Pragmatism or Betrayal, The West and Pakistan

September 24, 2021 | By

It is impossible for a genuine cricket follower to feel anything other than sadness and dismay at the sudden cancellation of first New Zealand’s and then England’s scheduled tours of Pakistan, each designed to feature a series of T20 Internationals in preparation for the upcoming World Cup in the UAE.

The two cases were slightly different. The New Zealand squad was already in Pakistan. Indeed the tour was called off almost literally minutes before the scheduled start of the first game. This was as a result of some sort of specific threat the details of which remain unclear. In those circumstances, it is difficult not to have some degree of sympathy for the New Zealand players. Some reports have suggested that ‘threat’ of this sort is almost an everyday occurrence in Pakistan and that one should ‘get over it. But putting oneself in the position of the New Zealand players it is perhaps easy to understand their concerns. There again, adopting the latter position may make it all but impossible to get international cricket up and running in Pakistan again.

England’s position is different, and it is not easy to decide whether it is more or less complicated. Pakistan, it will be recalled , toured England in 2020. Admittedly they also toured New Zealand in 2020-21, but that was different. By shutting itself off from the world New Zealand had, at that point, a reasonably ‘good’ pandemic. The Pakistan Tests were played before quite decent crowds (for Tests in New Zealand) and everything looked sort of normal.

English cricket, and its governing g body, the England & Wales Cricket Board (ECB) was on its financial knees in 2020. The pandemic had a crippling effect. Financial salvation, it’s sort, was provided when two of England’s poorest cricketing relations, West Indies and Pakistan, agreed to play three Tests each. Pakistan’s sojourn started with weeks of quarantine in the Travelodge (other brands are available) in Derby. The ‘bubble’ in which the Tests were conducted, in Southampton and Manchester, was at its most stringent and inhumane – for all concerned, in fairness. The cricket was compelling.

The ECB could not have been more grateful. Of course, England must tour Pakistan, for the first time since 2005-06. The women’s team must go too, for the first time ever. It is just a matter of finding a slot in the schedule.

Ah yes, the schedule. On the face of it that is not an issue here. The issue here appears to be security. The ECB apparently used the same consultants as New Zealand Cricket, so in a way, the cancellation is hardly a surprise. That makes the lack of detail about the threat more frustrating. The consultant’s basic report on security must have been fine or the New Zealand players would not have turned up in the first place. The English decision looks opportunistic.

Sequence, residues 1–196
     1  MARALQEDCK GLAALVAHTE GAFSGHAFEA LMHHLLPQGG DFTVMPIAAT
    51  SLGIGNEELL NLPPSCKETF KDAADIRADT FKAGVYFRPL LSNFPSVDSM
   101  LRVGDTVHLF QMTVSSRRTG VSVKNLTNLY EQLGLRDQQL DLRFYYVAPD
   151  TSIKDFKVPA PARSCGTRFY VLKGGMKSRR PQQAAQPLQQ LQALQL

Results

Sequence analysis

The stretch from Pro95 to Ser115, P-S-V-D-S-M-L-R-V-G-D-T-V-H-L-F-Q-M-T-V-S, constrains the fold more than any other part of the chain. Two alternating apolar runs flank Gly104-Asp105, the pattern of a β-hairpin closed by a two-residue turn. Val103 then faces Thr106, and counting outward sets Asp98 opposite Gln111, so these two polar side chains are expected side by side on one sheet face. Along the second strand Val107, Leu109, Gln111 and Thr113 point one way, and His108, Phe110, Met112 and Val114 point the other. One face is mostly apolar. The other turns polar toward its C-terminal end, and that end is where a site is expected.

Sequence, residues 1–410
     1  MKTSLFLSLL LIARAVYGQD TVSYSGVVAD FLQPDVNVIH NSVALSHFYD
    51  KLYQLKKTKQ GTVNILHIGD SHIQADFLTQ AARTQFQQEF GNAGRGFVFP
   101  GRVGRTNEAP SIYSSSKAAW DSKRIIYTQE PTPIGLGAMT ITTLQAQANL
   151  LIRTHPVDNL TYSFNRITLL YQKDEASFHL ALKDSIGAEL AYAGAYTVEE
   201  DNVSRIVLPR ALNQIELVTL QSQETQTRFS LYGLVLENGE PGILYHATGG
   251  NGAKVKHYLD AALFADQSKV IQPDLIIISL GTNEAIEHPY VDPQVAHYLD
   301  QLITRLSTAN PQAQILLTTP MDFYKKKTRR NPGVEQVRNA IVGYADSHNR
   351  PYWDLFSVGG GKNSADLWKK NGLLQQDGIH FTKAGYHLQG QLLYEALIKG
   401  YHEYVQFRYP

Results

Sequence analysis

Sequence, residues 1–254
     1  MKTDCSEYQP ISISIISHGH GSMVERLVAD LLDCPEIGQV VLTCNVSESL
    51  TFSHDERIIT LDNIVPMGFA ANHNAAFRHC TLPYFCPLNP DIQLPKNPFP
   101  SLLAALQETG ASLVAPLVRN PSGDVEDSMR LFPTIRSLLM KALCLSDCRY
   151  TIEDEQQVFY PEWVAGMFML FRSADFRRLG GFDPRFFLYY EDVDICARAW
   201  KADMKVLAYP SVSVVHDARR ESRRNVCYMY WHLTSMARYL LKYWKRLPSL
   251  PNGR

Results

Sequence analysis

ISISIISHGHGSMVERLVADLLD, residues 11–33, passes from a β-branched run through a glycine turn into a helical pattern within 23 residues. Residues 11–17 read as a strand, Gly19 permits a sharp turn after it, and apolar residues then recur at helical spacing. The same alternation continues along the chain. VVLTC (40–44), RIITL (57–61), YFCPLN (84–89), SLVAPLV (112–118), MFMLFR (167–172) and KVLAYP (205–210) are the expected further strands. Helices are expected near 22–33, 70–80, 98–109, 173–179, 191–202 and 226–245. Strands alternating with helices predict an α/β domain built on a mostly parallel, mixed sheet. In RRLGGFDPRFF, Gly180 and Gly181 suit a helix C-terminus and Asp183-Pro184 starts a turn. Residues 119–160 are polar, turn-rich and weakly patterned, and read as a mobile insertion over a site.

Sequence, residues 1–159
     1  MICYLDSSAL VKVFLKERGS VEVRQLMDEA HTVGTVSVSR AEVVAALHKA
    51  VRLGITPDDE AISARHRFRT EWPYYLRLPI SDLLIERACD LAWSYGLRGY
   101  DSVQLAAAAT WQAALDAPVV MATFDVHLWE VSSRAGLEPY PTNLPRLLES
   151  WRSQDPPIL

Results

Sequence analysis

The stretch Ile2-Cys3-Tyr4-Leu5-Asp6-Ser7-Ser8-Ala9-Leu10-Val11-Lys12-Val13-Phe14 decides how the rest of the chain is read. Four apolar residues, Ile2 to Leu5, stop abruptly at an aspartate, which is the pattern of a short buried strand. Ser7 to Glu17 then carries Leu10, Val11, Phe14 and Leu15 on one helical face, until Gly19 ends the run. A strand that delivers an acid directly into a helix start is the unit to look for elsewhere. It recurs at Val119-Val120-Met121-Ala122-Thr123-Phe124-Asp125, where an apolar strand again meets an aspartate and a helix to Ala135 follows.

It is a little short of heart-breaking for Pakistan and the Pakistan Cricket Board’s dedicated chief executive, Wasim Khan. The cricket-mad population, deprived of live sport for so long, have it snatched away at the last moment (We mustn’t forget that other countries, including South Africa and Sri Lanka, have toured recently without incident; as far as the English as concerned, MCC have been admirably proactive in organizing tours.) For the players too, it is so sad.

The schedule is not a direct factor but it is lurking in the background. The ECB’s statement that the well-being of players is crucial is fair enough, though trotting it out as an excuse on this occasion seems a little disingenuous. The pandemic and the wretched bubbles have made things much worse. The cancellation of the fifth England-India Test showed the increasing influence of the players; The Ashes is bound to provide another demonstration of this.

There is so much cricket. Something will have to give. If the threat of a second annual Indian Premier League materializes, that moment may we’ll come.

Bill Ricquier also writes for ESPN CricInfo and The Island newspaper in Sri Lanka.

Bill Ricquier

Bill Ricquier is an author at ScoreLine and has written numerous cricket articles published at

Bill is also an author of The Indian Masters and The Pakistani Masters, both published in England and India. He also writes for ESPN CricInfo and The Island newspaper in Sri Lanka. He is a Lawyer and Law Professor and lives with his family in Singapore.

You can connect with Bill on Facebook, LinkedIn or Twitter

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